Lisa Page Calvin Theological Seminary

Lisa Page

M.Div 2015, Wake Forest University School of Divinity

For more than ten years Lisa has been a voice for compassion and justice for LGBTQ persons within the evangelical church. She has guided countless Christians, of all ages, through the process of reconciling their sexuality and/or gender identity with themselves, their families, and with God. Her work with parents has helped to create an atmosphere of acceptance in the families of LGBTQ young people. Lastly, she consults with pastors and pastoral teams to make them aware of the difficulties faced by LGBTQ persons and to promote a more just and compassionate response to the LGBTQ community and other marginalized persons, particularly within the evangelical church.

Lisa’s other passion and work is to promote progressive policies at the local level for communities without proper access to healthy foods and to provide direct service to food-insecure persons and families. She has organized and built church-based community gardens, taught cooking and nutrition classes for migrant agricultural families, worked with local farmers to provide local, organic fruits and vegetables to low income families, and educated her peers and congregations on the challenges their neighbors face in putting healthy food on the table. Lisa considers access to healthy food, the sustenance given by God from creation, to be a birthright of all persons.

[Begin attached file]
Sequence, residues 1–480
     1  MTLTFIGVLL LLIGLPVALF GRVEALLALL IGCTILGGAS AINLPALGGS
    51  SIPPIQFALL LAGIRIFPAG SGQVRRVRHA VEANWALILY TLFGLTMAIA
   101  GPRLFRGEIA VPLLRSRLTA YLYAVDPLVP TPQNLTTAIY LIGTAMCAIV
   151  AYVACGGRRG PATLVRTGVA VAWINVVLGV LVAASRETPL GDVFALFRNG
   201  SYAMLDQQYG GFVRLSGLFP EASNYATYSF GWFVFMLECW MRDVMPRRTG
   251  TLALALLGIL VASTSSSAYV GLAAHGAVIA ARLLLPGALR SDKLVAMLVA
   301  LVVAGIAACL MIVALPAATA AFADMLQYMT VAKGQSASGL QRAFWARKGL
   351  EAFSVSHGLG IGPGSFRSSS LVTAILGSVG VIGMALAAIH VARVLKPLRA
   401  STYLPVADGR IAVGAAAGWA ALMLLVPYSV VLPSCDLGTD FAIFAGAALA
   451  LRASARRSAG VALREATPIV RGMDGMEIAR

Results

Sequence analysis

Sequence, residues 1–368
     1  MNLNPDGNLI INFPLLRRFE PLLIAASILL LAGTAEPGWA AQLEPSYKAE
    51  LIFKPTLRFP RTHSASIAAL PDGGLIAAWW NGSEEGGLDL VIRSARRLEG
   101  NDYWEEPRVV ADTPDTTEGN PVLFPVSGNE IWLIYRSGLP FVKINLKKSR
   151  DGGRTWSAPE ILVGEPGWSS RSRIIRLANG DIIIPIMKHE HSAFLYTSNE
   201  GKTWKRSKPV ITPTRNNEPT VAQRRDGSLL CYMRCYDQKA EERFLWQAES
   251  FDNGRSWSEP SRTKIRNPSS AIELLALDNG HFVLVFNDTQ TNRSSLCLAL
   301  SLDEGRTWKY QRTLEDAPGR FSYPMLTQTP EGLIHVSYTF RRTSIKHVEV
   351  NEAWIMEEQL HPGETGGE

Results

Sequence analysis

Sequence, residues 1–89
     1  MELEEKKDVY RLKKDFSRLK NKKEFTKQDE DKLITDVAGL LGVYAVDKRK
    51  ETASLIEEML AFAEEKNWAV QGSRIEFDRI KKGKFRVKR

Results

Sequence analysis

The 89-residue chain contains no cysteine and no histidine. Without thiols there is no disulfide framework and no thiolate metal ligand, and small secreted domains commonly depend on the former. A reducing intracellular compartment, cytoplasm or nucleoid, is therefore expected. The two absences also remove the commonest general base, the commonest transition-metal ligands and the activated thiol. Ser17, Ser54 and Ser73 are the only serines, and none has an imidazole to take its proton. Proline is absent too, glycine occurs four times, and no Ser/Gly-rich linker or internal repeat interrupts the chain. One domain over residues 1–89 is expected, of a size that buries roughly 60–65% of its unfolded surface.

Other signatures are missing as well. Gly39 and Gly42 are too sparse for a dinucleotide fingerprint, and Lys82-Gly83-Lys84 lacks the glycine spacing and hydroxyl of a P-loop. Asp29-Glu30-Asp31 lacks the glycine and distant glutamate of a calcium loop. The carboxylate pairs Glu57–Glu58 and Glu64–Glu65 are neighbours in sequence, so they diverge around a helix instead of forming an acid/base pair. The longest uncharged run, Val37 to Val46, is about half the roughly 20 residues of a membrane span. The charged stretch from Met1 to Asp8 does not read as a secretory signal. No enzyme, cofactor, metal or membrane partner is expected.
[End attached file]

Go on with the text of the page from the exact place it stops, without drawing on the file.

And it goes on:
Lisa’s approach, borne out of a Christian feminist worldview, is to continually pose the question: “Who is missing from this conversation?” In this way her engagement within the community is inclusive, bringing all voices together to offer their experience and perspective to whatever challenge needs to be addressed. Her philosophy is that every voice is inherently valuable, every experience is informative, and that all ideas are worthy of critique. She believes that everyone is doing their best, and that we almost always share the same goal: to relieve suffering and to do justice in the name of all that is good, but that our approach is often different because of what and who we know. However, when stakeholders meet, hear one another’s story, and develop rapport and relationship across difference, the greatest needs will become evident and priorities will align so that everyone will feel a sense of ownership and investment in the outcome.